UN Reports on the Economic Repercussions of Massive Declines in Biodiversity
photo: J. Novak
The UN's third Global Biodiversity Outlook report warned of the dire consequences associated with alarming biodiversity declines and losses of habitats. Since 1970, we've seen a 30 percent decline in wildlife species, according to Prof Joseph Alcamo, chief scientist of the United Nations Environment Programme (UNEP).A recent report by UNEP told us what we already know, the sky rocketing losses in wildlife biodiversity are unsustainable, harming food sources, intensifying global warming, and harming industry.
Achim Steiner, the executive director of the United Nations Environment Programme (UNEP), said:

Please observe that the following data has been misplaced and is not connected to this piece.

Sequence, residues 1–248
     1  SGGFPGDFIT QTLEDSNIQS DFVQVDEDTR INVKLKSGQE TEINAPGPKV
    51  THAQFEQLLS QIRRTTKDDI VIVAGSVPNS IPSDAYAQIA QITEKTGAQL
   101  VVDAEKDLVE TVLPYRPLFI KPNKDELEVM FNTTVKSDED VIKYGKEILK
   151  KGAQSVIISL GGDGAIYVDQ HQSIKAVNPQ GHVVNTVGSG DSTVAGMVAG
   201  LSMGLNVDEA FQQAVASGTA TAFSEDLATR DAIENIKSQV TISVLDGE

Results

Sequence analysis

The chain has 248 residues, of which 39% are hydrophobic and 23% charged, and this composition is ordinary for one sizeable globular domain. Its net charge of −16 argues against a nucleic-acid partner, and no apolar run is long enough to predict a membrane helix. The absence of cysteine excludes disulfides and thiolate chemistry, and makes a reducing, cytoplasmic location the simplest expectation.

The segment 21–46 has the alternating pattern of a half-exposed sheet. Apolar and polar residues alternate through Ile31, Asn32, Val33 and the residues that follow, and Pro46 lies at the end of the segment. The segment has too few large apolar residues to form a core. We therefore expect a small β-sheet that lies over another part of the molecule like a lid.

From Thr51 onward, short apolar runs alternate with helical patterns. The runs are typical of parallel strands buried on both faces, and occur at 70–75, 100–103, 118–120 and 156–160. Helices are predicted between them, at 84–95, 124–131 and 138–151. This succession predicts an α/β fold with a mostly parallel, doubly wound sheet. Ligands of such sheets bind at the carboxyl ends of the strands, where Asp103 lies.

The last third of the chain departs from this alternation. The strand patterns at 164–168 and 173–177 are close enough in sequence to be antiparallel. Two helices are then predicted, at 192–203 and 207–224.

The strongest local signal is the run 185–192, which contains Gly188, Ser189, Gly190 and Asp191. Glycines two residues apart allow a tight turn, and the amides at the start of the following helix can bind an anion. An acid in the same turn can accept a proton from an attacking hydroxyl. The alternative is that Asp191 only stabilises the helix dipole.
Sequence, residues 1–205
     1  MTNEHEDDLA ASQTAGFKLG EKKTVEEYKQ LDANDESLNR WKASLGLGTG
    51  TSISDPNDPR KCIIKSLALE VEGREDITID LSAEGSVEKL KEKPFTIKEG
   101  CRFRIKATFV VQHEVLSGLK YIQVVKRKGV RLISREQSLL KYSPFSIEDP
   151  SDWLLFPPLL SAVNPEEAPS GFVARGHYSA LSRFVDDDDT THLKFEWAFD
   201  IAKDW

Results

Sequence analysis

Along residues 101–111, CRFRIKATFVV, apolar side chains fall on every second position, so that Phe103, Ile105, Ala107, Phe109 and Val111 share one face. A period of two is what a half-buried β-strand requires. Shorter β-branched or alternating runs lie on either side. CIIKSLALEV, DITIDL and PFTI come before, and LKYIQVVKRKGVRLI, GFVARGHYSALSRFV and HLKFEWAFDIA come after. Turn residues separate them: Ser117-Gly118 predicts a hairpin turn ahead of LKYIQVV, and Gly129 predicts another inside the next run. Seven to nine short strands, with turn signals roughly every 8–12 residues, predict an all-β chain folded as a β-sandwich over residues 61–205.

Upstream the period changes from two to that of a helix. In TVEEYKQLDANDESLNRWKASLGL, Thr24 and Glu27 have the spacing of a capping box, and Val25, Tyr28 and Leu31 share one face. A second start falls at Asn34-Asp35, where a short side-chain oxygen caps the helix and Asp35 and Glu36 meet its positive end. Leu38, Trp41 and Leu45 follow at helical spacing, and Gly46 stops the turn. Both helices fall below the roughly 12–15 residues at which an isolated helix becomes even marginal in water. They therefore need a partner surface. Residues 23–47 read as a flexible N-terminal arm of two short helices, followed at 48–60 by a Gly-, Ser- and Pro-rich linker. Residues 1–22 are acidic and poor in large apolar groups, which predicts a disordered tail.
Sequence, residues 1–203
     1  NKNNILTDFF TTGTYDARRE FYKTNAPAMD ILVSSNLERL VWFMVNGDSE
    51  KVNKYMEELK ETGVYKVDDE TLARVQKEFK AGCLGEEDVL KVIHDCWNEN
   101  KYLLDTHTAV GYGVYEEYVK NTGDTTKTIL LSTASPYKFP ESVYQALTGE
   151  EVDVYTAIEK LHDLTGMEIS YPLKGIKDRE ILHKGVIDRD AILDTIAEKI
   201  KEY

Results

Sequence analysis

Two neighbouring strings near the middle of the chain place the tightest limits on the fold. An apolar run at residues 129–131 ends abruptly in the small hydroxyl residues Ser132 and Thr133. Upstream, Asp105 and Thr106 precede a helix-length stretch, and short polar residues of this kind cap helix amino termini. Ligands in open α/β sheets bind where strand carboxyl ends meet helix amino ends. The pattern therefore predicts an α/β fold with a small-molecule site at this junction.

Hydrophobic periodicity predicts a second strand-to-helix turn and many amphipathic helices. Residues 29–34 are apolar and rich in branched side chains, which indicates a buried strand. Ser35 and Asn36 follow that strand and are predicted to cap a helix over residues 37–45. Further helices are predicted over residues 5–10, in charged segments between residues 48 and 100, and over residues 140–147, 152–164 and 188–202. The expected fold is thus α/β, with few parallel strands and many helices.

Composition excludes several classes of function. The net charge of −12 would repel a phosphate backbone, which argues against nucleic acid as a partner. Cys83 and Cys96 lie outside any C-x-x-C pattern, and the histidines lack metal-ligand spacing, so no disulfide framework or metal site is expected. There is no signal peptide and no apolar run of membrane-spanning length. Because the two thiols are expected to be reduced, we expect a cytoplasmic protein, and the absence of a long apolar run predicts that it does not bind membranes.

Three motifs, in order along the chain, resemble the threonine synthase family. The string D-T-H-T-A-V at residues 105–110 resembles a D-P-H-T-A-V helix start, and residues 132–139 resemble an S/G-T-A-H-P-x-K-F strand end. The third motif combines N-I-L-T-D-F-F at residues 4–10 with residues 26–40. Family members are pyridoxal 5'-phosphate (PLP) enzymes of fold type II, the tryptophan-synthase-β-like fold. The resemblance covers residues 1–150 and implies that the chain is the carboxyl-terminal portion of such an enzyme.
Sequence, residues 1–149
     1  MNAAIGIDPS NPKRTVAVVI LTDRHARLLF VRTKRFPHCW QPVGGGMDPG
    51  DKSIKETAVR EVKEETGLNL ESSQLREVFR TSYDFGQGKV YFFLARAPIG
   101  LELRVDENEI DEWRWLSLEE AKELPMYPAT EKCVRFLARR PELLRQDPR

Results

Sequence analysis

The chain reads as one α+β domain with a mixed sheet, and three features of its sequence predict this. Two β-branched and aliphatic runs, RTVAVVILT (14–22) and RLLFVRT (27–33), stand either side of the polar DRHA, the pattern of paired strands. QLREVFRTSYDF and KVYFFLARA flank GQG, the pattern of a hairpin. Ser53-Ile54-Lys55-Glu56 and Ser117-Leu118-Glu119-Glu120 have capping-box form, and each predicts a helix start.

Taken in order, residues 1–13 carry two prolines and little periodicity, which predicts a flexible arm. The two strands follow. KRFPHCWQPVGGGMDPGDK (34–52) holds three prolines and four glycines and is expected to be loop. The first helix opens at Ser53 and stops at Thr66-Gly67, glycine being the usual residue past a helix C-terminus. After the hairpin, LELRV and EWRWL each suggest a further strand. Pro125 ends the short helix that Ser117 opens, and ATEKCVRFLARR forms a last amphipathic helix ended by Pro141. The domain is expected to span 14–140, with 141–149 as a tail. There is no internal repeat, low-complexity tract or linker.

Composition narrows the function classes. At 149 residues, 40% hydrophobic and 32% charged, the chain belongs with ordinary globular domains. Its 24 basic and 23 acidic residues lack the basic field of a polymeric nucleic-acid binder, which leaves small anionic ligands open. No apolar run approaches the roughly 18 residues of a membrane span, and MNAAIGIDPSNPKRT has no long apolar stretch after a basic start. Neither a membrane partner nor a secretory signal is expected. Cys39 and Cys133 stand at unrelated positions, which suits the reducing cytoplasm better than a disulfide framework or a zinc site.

"Humanity has fabricated the illusion that somehow we can get by without biodiversity or that it is somehow peripheral to our contemporary world: the truth is we need it more than ever on a planet of 6 billion [people], heading to over 9 billion by 2050. Business as usual is no longer an option if we are to avoid irreversible damage to the life-support systems of our planet."
The study was made up of a number of indicators on current and future biodiversity including wildlife populations, their risk of extinction, and the degradation of wildlife habitats.
"Our analysis shows that governments have failed to deliver on the commitments they made in 2002: biodiversity is still being lost as fast as ever, and we have made little headway in reducing the pressures on species, habitats and ecosystems," said Stuart Butchart, the paper's lead author.
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